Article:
Paper No. 188-9
Presentation Time: 9:00 AM-6:30 PM
MICROSTRATIGRAPHY AND MODES OF OCCURRENCE OF DIPLOPORITAN ECHINODERMS IN THE NAPOLEON QUARRY LAGERSTÄTTE (MIDDLE SILURIAN MASSIE FORMATION, SOUTHEASTERN INDIANA)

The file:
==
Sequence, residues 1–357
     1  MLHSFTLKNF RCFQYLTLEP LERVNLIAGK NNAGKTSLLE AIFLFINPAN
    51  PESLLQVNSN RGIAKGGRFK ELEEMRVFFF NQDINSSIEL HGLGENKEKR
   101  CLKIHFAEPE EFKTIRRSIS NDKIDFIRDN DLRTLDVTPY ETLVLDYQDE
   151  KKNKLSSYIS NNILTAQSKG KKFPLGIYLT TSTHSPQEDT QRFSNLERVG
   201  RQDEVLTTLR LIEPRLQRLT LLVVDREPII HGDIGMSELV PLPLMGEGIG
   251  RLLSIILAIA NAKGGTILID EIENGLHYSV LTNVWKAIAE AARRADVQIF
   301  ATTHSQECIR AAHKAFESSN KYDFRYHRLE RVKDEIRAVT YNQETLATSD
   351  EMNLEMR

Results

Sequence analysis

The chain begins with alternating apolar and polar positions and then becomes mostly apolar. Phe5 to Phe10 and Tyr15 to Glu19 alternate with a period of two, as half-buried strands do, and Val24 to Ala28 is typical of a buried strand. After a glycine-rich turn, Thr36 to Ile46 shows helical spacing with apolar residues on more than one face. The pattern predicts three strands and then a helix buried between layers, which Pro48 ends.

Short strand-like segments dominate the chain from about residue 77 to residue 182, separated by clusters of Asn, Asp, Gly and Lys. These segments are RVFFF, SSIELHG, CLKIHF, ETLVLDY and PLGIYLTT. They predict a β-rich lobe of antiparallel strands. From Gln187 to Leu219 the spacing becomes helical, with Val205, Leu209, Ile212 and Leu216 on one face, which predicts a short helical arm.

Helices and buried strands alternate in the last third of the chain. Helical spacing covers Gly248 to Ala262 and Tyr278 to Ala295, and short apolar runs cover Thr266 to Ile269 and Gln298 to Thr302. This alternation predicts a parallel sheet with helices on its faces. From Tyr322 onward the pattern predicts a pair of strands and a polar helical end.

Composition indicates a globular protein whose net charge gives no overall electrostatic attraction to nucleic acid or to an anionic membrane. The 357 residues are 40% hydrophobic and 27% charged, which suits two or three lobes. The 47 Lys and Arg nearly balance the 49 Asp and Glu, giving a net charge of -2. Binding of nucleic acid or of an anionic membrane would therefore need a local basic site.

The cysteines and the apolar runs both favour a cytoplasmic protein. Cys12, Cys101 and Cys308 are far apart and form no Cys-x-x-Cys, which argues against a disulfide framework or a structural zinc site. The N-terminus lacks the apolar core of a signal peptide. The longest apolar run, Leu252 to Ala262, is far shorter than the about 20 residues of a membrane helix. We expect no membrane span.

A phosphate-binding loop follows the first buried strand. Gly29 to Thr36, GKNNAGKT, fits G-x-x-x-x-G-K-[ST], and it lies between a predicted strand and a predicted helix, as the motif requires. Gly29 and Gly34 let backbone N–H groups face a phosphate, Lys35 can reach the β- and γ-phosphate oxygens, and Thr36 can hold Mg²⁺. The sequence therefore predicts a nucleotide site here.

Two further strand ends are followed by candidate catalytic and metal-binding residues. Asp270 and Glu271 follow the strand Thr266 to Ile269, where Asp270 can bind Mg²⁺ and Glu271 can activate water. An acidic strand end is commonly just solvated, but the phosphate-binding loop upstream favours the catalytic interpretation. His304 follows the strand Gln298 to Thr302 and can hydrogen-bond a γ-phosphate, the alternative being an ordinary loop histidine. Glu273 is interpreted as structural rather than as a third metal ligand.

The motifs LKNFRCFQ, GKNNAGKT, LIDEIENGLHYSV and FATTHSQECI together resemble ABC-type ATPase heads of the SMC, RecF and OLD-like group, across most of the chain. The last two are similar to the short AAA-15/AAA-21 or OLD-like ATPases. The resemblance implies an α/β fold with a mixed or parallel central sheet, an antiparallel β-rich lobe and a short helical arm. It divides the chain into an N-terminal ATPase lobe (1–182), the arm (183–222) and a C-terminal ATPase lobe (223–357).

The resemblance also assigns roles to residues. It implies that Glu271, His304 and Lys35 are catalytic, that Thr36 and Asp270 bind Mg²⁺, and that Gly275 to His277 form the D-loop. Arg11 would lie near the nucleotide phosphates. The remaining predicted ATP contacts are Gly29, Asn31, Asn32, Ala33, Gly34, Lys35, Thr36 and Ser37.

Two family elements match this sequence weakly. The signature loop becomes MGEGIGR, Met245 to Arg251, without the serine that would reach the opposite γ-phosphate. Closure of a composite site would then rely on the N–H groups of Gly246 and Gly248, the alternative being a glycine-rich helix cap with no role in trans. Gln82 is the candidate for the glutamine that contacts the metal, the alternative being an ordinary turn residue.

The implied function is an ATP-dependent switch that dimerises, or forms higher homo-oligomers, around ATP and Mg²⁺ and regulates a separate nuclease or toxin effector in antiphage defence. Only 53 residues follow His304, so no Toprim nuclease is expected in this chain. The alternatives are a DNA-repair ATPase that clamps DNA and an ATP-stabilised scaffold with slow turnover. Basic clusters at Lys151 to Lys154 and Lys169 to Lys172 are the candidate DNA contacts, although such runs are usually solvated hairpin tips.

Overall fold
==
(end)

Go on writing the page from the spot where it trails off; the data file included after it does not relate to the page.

The Napoleon quarry Lagerstätte, within the lower mudstone lithofacies of the middle Silurian Massie Formation at Napoleon, Indiana, is marked by exceptional abundance, diversity, and preservational quality of diploporitans. Specimens are preserved primarily as intact thecae; however, most display some degree of post-mortem damage and/or encrustation on at least one side. Detailed microstratigraphic measurement, documentation of in situ specimens and their sedimentary contexts, and focused collection from specific horizons has provided new insights into the complicated taphonomic history of this assemblage. Thecae are found in two primary modes: (1) the greatest abundance of specimens occurs in dense, texturally complex wackestones composed of clastic clay, micrite, and coarse shell material that are interbedded with more pure clastic mudstones; (2) a smaller number of specimens are present in overlying softer, texturally simple, slightly calcareous clastic mudstones containing fine shell debris. Thecae in the first setting are more poorly preserved, with elevated proportions of encrustation, plate jumbling/plate loss, and compaction, whereas specimens in the second setting are more commonly preserved as uncompacted, complete, and un-encrusted thecae. The more texturally complex carbonate beds are interpreted as representing an extended, polyphase formational history associated with periods of slow net sedimentation during which initially buried diploporitan thecae with early diagenetically cemented infill could be exhumed, overturned, encrusted, and/or damaged. This also explains the elevated abundance of specimens in these beds, as the diploporitans represent a time-averaged parautochthonous assemblage. In contrast, the texturally simple clastic beds represent the product of simple episodic obrution events, accounting for the better preservation and lower abundance of specimens.